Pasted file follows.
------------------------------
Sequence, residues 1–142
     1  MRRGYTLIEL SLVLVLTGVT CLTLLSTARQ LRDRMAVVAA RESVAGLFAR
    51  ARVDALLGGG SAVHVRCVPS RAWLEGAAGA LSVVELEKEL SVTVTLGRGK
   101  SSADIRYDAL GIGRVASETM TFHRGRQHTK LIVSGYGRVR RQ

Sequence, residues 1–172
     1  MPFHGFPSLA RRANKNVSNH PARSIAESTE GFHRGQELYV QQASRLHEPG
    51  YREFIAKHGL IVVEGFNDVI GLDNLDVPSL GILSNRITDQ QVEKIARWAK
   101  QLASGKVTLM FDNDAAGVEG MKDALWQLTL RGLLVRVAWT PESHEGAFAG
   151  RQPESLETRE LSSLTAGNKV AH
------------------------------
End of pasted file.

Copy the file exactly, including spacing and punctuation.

Sequence, residues 1–142
     1  MRRGYTLIEL SLVLVLTGVT CLTLLSTARQ LRDRMAVVAA RESVAGLFAR
    51  ARVDALLGGG SAVHVRCVPS RAWLEGAAGA LSVVELEKEL SVTVTLGRGK
   101  SSADIRYDAL GIGRVASETM TFHRGRQHTK LIVSGYGRVR RQ

Sequence, residues 1–172
     1  MPFHGFPSLA RRANKNVSNH PARSIAESTE GFHRGQELYV QQASRLHEPG
    51  YREFIAKHGL IVVEGFNDVI GLDNLDVPSL GILSNRITDQ QVEKIARWAK
   101  QLASGKVTLM FDNDAAGVEG MKDALWQLTL RGLLVRVAWT PESHEGAFAG
   151  RQPESLETRE LSSLTAGNKV AH